“Mind if I ask a few questions to understand what you need?”
“How will this be used?”
“When is the deadline?”
“Am I the best person to do this?”
“Does this need to happen immediately or can it be done later?”
“What’s the goal of this?”
A few questions can do wonders. Have you ever noticed that many requests are made without a clear idea of why the work is needed or how it needs to be done?
Questions not only help the requestee, but they also help the requestor be clear for themselves on what they really need! Using this technique, I’ve had many requestors realize that: the thing I was being asked to do wasn’t needed at all, there was an easier way to accomplish the goal, or someone else was better suited to do the work.
Learn to make counter-offers
Let’s ponder the example of a child requesting to stay outside and play longer, even though it is dinner time. You might try to just tell her no with a firm and stern voice. This might work for some kids, but for many, it will only embolden their resolve.
Another tactic is to make a counter-offer. Examples might be:
- Mention that she can return to playing after dinner.
- Mention that tomorrow you will take her go to a different and more fun playground, if she comes inside now and gets ready for dinner.
- Mention that after dinner, she can watch an episode of their favorite cartoon.
A savvy parent can probably come up with a dozen counter-offers for this scenario!
In a work situation, lots of things are negotiable. For example, if a boss asks you to perform a market analysis in a week, and you deem the project worthy after asking clarifying questions, you might then counter-offer to change the deadline to a later date. You might opt to focus on a specific sector of the market to scope the work in a more manageable way. You might also recommend that the work be split amongst multiple team members, or perhaps that a third-party (vendor or research firm) be hired to do the work.
Lastly, you might just say “yes” with no counter-offers if the request is useful and you are confident in your ability to get it done!
There are unlimited options for counter-offers, and just like real estate transactions (I’m going through the process of getting my home for sale now and this is top of mind) you can continue to make counter-offers until you either agree on the approach or decide to cancel the request.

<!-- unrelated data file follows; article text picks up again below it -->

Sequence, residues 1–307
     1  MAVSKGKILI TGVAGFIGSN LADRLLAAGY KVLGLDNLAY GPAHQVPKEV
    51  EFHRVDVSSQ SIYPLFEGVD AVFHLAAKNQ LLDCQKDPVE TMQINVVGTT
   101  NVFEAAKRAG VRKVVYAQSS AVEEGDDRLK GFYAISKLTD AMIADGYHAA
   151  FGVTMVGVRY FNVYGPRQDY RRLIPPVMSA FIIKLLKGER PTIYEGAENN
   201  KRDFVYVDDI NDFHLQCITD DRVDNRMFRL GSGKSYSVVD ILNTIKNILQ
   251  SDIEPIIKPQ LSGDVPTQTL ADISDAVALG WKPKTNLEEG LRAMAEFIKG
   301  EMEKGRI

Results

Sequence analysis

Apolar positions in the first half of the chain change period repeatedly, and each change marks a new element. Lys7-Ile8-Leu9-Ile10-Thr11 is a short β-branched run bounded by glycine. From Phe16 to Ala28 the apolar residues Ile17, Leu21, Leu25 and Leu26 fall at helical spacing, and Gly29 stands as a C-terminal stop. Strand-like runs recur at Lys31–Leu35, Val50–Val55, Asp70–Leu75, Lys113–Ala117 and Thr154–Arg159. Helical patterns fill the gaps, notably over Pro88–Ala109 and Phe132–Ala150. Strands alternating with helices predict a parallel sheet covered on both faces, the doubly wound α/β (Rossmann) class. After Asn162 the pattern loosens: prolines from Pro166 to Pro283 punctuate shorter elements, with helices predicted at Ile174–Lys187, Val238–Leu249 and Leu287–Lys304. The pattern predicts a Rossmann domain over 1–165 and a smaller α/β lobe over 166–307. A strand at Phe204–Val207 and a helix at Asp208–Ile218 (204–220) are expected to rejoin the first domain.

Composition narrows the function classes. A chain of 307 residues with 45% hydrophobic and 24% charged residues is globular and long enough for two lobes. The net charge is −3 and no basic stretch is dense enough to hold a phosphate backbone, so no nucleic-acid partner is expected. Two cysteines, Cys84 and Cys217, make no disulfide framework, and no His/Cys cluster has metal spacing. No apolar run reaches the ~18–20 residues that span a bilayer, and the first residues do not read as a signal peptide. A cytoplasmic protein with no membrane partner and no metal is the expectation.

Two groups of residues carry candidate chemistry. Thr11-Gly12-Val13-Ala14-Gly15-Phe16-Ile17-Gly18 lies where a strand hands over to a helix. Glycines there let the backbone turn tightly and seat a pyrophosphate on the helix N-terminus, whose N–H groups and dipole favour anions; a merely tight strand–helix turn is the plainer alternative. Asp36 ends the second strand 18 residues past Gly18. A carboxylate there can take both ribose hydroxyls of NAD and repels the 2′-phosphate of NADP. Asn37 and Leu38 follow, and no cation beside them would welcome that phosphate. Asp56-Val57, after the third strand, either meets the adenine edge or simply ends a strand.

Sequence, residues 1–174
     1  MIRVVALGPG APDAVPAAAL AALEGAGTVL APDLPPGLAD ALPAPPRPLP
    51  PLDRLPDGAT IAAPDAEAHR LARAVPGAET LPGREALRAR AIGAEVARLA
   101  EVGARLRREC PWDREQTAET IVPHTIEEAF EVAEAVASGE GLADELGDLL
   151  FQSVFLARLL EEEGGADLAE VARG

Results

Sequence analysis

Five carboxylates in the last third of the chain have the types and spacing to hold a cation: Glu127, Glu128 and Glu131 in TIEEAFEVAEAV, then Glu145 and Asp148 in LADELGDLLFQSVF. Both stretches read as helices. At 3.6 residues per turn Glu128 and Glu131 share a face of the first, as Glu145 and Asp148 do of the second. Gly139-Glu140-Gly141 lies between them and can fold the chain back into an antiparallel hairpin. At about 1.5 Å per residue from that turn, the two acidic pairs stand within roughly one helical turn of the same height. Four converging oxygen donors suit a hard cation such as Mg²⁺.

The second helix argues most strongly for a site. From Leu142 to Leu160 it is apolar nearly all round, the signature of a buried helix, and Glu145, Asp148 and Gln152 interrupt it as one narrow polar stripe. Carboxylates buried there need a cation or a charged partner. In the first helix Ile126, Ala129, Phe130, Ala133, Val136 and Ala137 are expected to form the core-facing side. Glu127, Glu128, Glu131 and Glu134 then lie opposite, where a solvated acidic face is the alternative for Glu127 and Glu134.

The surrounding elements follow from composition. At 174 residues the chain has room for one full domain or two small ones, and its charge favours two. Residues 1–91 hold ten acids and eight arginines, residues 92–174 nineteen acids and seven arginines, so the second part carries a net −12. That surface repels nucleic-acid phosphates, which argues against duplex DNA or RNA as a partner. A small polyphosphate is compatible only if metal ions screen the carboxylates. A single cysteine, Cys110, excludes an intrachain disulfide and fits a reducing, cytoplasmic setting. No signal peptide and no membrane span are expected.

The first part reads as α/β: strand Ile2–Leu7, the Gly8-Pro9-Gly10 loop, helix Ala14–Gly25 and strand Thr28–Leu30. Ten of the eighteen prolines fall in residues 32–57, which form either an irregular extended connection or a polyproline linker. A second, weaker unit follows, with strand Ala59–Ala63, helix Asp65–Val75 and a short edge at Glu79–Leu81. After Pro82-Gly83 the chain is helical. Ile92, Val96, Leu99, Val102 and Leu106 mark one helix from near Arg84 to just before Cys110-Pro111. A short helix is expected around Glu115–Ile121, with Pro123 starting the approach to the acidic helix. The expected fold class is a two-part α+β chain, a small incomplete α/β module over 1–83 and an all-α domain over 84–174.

Saying no gracefully
The tactics above can be performed in a way that leave the requestor thinking you are complete jerk or in a way that leaves her thinking that you really care about her, the team, the company and that you value your time as well.
Saying no gracefully is about empathizing with the other person, and trying your best to understand where the request is coming from (e.g. maybe the requestor is under extreme pressure from their boss and doesn’t know how to say no!), the value of doing the work, and the best way for everyone to get what they want.
You should try using softeners for stressful situations (or where a boss is dictating that you get something done right away), being less adversarial and more like a team player that is trying to do the right thing.
The best softeners acknolwedge the potential value in the request, without commitment. For example, simply state, “I understand how this project might be useful. Mind if I ask a few questions first so I’m clear on what you are asking for?” or “This seems useful, but I cannot do this project right now due to other demands on my time. Does this need to be done now? How else can you get this done?”
When no means “NO”
After asking questions, making a counter-offer and assessing all the information you’ve gathered (this can all be done swiftly, in a matter of minutes) there are times when your final answer will need to be a firm “no.”
Make sure that you and the requestor are abundantly clear on the final answer. There is nothing worse than thinking someone is going to do something, only to realize later that they never committed and the work is not complete.
Sometimes, no means no!
Give these strategies a try at work (and at home). With practice, you will find saying no much easier. Notice how when you say no to things, you are able to pay more attention to worthy projects, and establish a much stronger work/life balance.
Saying no is empowering.
If after all this you still you end up having trouble deciding what to say yes or no to, Seth Godin has some advice as does Derek Sivers.